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Fig. B.31. Pulling test: cases for investigation of the hourglass mode in the Q8 element: (a) discretizations and prescribed cracks, (b) deformation plots (d = 0.2 mm, scale = 1:100, F: full integration, R: reduced integration), (c) force–displacement curves.

The basic advantages of the proposed SOS formulation of the SDA together with the introduced energy-based crack-tracking strategy, are (i) easy coding, (ii) good numerical stability, and (iii) good performance as regards the load–displacement curves and the crack paths within the re-analysis of the benchmark examples. Considering the extension of the proposed model towards 3D analysis, elements with quadratic interpolation e.g. 20 node or 27 node hexahedron elements shall be used within the SDA, see Appendix E. As regards the underlying cracktracking strategy, 3D benchmark problems shall be investigated (similar to the series of 2D benchmark problems presented in this paper) in order to assess the applicability and performance of the energy-based tracking strategy with respect e.g. to global tracking strategies as proposed in [49]. Acknowledgments The authors gratefully acknowledge financial support by the Austrian Ministry for Transport, Innovation and Technology (bm.vit) within the KIRAS-project (Austrian Security Research Program), project number: 836268 “ Sicherheit von Hohlraumbauten unter Feuerlast” (“Safety of underground structures under fire loading”).

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Distorted case I

root element

Distorted case II

root element

Distorted case III

root element Fig. B.32. Pulling test: cases with distorted discretizations: (a) discretizations and prescribed cracks, (b) deformation plots (d = 0.2 mm, scale = 1:100), (c) force–displacement curves.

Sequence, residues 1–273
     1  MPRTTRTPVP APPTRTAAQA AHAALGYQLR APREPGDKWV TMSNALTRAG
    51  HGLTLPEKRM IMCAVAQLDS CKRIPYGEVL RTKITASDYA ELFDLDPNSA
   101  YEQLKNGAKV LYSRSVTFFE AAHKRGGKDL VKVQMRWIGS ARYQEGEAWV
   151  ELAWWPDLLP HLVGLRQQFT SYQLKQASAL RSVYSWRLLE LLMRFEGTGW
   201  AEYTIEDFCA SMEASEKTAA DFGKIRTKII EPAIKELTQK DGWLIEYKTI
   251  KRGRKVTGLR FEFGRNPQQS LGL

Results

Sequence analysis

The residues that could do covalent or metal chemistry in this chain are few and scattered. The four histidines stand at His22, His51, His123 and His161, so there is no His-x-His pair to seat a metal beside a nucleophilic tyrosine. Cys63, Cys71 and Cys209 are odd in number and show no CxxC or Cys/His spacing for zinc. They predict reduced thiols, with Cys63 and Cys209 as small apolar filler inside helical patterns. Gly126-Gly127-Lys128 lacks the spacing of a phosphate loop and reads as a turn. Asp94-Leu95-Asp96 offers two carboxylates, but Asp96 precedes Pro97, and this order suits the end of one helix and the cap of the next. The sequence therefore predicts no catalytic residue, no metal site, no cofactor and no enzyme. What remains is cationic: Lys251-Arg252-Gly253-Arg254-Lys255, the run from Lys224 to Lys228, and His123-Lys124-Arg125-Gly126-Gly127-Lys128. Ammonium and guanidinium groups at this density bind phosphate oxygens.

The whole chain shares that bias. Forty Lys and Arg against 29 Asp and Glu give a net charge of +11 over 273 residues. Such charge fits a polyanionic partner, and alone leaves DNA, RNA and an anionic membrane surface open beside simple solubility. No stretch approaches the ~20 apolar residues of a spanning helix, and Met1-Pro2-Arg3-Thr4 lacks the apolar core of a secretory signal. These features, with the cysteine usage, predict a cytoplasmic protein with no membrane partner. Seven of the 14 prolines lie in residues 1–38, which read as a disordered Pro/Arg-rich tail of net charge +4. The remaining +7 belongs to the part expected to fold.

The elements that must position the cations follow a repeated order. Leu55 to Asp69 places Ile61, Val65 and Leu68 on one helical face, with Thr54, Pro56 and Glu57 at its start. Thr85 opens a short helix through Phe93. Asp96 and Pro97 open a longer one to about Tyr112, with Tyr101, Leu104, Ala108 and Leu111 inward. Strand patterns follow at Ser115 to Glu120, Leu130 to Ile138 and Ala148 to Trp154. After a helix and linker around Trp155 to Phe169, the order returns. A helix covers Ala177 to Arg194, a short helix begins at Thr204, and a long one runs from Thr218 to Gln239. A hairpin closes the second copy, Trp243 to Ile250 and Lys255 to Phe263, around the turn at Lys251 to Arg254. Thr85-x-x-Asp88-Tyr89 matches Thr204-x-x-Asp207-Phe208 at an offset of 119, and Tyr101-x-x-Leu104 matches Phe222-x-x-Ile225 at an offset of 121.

Appendix A. Adoption of reduced integration for elements exhibiting cracking As outlined in [38,79], in case of elements with quadratic interpolation of the displacement field (T6 and Q8), the crack opening has different values at different Gauss points, with some Gauss points remaining in the elastic state in the course of cracking. This causes stress-locking, which cannot be eliminated by tracking strategies, as it occurs at the element level. As a remedy, for elements exhibiting cracking, reduced integration with one Gauss point at the element center is applied. The effect of this integration technique is illustrated by means of an example, characterized by two different load cases, for both of which the Q8 element is used, see Fig. A.29. Considering symmetry of both cases, the crack direction is assumed to be parallel to the y-axis. The resulting force–displacement curves are shown in Fig. A.30. For CASE 1, all Gauss points experience the same stress/strain states. Therefore, full and reduced integration give the same results.9 9 Although full integration for CASE 1 gives the same result as reduced integration, the numerical stability of full integration is poorer, since different Gauss points may be loaded differently, which is caused by numerical errors in the course of the iteration process.

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Mesh I

Mesh II

Fig. C.33. L-shaped panel test considering coarse discretizations: Mesh I and Mesh II with corresponding prescribed crack paths.

Mesh I

Mesh II

Fig. C.34. L-shaped panel test considering coarse discretizations: numerically-obtained force–displacement curves, experimental results [52], and numerical results (XFEM) in [53].

Fig. D.35. Example for showing energy-based crack-tracking in the SDA: geometrical dimensions, loading conditions, and material properties.

For CASE 2, the stress/strain states vary inside the element, leading to different crack directions at different Gauss points for the case of full integration.10 Assuming one global crack direction for a single element, full integration results in stress-locking at the element level. Considering the shift from full to reduced integration, the stress state at center Gauss point is monitored in each iteration step (a threshold value for the tolerance of the iteration residual shall be set, avoiding numerical errors in the course of the iteration process). Once the Rankine criterion (see Section 2.2, φ R K (σ ) = (n ⊗ n) : σ − f t < 0) is violated at the center Gauss point, the reduced integration will always be considered for this finite element thereafter, which is irreversible. 10 Rotating localization (directions of cracks will change in every loading step) presented in [38,55], allowing different crack directions at different Gauss points, greatly alleviates this type of stress-locking. Nevertheless, the SDA proposed in this paper is based on fixed localization.